Tentacles to tantalise the taste buds... a big gracias for the best squid ever!
IT was the last dish – of many – that we ordered, and it was the best thing I’ve eaten all year. In fact, the squid a la plancha at Uno Mas was, I reckon, the best squid I’ve ever eaten, anywhere.
And it wasn’t even on the menu. We were dithering over what to have to finish and our waiter suggested it. By the time you read this it will be there for all to delight in.
This was simply pieces of squid cooked very briefly – very, very briefly – on a blazing-hot metal plate, salted and drizzled with exceptional olive oil. It was juicy, smoky, barely cooked, tasting intensely of itself.
But what did I expect? Uno Mas is the heavily Spanish-influenced brand-new restaurant from Liz Matthews and Simon Barrett, the people who have been delighting us with Etto for several years now. It has been the most eagerly anticipated opening in Dublin since it was announced this time last year.
We ate there on its fourth night, but this infant of a place didn’t miss a beat. Admittedly, we didn’t try the main courses but stuck with the smaller plates that showcase what the place is all about: very simple dishes but very clever and exquisitely executed.
And it was full on its first Monday, the clientele a virtual Who’s Who of many of the city’s best restaurants, people who are serious about food and who understand what, I suppose, we could call the Etto way. I think that myself and my companion, along with a critic from another newspaper, were the only civilians present.
Anyway, to table. We started with two little skewers of gilda – a type of pintxo – each consisting of slices of a raw padrón pepper, an olive and an anchovy. Small but bursting with savoury goodness.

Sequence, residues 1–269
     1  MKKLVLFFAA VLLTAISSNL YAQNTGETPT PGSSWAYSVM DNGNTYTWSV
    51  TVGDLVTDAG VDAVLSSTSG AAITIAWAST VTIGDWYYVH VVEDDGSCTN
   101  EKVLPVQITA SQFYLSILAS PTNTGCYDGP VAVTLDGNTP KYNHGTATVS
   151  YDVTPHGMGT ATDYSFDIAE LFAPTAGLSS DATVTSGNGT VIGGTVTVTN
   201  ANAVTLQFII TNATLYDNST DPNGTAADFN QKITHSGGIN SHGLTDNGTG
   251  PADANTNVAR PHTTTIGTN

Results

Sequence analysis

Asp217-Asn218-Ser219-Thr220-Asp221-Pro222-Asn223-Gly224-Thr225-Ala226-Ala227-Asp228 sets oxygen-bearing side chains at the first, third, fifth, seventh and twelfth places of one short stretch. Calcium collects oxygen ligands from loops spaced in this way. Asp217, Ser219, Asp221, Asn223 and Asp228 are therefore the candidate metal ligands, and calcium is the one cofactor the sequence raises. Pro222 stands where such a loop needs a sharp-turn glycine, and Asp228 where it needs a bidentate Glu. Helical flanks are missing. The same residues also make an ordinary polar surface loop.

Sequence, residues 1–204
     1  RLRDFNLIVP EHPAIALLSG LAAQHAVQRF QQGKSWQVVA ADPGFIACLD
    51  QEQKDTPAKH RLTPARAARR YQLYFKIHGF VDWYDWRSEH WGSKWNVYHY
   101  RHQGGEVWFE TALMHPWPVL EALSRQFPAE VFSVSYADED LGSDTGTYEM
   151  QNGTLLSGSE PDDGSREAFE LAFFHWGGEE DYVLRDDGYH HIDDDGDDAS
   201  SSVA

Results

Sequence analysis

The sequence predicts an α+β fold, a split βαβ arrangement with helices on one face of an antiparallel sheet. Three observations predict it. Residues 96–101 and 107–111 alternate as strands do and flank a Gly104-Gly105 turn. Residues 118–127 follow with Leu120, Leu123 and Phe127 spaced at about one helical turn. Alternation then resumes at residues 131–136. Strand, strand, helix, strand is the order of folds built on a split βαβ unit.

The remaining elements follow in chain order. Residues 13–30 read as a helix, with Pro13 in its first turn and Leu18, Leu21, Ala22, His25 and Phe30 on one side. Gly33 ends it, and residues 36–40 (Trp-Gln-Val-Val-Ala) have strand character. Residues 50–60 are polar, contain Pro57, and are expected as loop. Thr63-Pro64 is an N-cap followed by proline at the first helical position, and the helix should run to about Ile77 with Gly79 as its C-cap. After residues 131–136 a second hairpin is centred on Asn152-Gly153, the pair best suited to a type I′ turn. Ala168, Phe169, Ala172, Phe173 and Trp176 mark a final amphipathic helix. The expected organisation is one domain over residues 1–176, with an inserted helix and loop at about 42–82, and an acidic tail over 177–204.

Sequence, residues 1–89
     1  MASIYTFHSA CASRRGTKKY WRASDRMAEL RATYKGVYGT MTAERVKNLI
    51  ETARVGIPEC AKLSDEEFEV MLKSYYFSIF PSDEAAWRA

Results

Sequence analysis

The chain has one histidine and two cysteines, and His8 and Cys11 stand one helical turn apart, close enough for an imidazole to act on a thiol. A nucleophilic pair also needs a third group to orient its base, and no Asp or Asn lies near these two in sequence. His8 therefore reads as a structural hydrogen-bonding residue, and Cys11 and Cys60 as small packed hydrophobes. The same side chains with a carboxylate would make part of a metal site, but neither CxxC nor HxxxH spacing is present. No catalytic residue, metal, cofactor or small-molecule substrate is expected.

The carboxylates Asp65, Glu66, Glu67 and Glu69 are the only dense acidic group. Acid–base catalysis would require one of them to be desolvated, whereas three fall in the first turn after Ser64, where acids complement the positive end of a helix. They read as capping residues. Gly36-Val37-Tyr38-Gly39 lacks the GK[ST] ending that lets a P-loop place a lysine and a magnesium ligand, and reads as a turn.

This palate-opener preceded a plate of padrón peppers, nicely wilted in hot oil, and slivers of tender, gelatinous pig’s ear, each crisply coated.
Little tinned Spanish scallops in a tomatoey marinara sauce, otherwise known as zamburiñas, were presented in their oval tin with small slices of crisped bread and a wedge of lemon: very savoury with a hint of sweetness, a reminder of childhood pilchards in tomato sauce but much more attractive.
Needless to say, jamón Ibérico, thinly sliced from the shoulder of the ham, was exactly as expected: the nearest meat gets to melting in the mouth and with that flavour that can only be achieved when the free-range pig has pigged out, so to speak, on acorns.
Morcilla, the Spanish black pudding, came in two thick slices, each topped with a little fried quail’s egg and filaments of smoky piquillo pepper. The harmony, and the contrasts of flavours and textures in this breathtakingly simple little dish, worked like a symphony. And what was that subtle, haunting flavour in the background? The faintest suggestion of dill, possibly, but I’m not sure.
Potato and onion tortilla was not just perfectly seasoned (not easy with anything involving spuds) but perfectly oozing when cut, the antithesis of tapas stodge.
Venison carpaccio, in little discs, delivered deliciously bloody, minerally flavours that were balanced with slender leaves of Treviso, the posher, thinner cousin of radicchio, tart pickled walnuts and a touch of horseradish that, to niggle, could have been a bit more assertive.
Then came the squid. The exquisite squid. What a way to finish.
Except, of course, we didn’t. We shared a little milhojas. Think millefeuille. Or – as we did, again reminded of childhood – of custard slices.
This was a combination of thin puffpastry leaves sandwiching mascarpone enriched with caramel-like dulche de leche and a drizzle of the syrup from the prunes in red wine for which Etto is famous.
Yes, we ate far too much and we explored the wine list with the help of the staff – all of whom seem to know it intimately and who take a beaming, smiling pride in what is being done here on Aungier Street.
The bill came to €140.